Monthly Archives: June 2017

Writing in Computer Science Classes


by Richard White


In the new *Advanced Topics in Computer Science* course that I developed this year, I had the opportunity to introduce a new type of Computer Science assignment (at least new to me): a written report.

I stole the idea of a written report in Computer Science from Michael Lew, an AP Computer Science A instructor whose summer institute I attended last year, and it solved a problem that I’d seen in my CS teaching: computer science students tend to enjoy coding, often to the exclusion of other important aspects of the subject. Coding is fun, of course: give my students a few challenging CodingBat problems and they’ll happily ignore me for hours.

Once problems become larger in scope, however, it becomes important to sandwich the coding in-between two other important aspects of any significant project:

  1. planning/design at the beginning, with consideration given to how the project is going to proceed, and
  2. a culminating conclusion to the assignment, possibly in the form of evaluation of the product (by the student or teacher), reflection on the process, a presentation of the project, etc.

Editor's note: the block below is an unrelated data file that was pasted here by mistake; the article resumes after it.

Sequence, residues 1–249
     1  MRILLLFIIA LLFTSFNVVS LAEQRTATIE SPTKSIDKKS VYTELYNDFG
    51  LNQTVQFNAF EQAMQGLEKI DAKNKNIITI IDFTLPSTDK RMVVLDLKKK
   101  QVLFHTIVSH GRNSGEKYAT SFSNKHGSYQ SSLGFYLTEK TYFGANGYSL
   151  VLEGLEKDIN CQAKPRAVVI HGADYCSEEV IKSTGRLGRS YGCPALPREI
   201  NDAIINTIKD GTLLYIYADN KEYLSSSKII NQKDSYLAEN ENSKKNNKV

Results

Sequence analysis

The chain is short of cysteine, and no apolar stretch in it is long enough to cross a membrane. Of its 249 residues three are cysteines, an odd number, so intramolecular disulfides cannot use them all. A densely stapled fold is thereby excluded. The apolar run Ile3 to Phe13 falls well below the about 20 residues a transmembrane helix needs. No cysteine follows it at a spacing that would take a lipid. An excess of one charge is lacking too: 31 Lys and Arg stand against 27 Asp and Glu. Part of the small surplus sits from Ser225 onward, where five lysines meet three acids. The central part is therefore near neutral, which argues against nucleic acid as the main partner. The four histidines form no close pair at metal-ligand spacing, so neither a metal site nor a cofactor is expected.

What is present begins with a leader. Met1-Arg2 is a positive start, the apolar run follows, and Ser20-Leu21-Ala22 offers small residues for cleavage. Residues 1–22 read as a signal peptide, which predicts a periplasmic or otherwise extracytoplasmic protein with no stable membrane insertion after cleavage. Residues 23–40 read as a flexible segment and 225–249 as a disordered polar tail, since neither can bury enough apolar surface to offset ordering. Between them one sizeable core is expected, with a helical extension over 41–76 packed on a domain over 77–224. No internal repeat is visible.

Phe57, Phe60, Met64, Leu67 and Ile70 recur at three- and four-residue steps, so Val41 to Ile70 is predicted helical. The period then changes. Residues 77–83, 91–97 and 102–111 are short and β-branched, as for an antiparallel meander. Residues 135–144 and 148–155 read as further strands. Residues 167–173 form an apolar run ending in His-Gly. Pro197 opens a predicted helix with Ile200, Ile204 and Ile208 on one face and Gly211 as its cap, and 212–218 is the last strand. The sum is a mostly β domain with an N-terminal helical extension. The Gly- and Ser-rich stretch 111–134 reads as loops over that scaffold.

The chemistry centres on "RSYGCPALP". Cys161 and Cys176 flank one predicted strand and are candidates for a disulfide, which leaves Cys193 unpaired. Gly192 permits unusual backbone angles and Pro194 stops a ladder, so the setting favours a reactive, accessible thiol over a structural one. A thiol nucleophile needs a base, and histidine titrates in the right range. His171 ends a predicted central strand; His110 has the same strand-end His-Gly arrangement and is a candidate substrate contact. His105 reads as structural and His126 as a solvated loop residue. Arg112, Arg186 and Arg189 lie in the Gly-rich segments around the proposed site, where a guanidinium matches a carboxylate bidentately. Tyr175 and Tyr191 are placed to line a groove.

Both of these aspects of a larger-scale project require time, either in class or at home, and that is certainly one of the challenges in implementation. In my own teaching, I feel like I’ve developed the ability to build in time for project-planning in the course calendar. The culminating experience, however, is something I’ve often been weak on.

This year, in the *Advanced Topics* class, we were studying the performance of various sorting algorithms, the simplest ones of which are all O(n2). After a brief introduction to SelectionSort, Bubblesort, and InsertionSort, students were semi-randomly assigned a sorting algorithm from among the MergeSort, ShellSort, and QuickSort.

The first challenge for students consisted of simply getting a working algorithm running. Depending on the level of the student and the difficulty of the algorithm, this might have been the easiest or the hardest part of the assignment.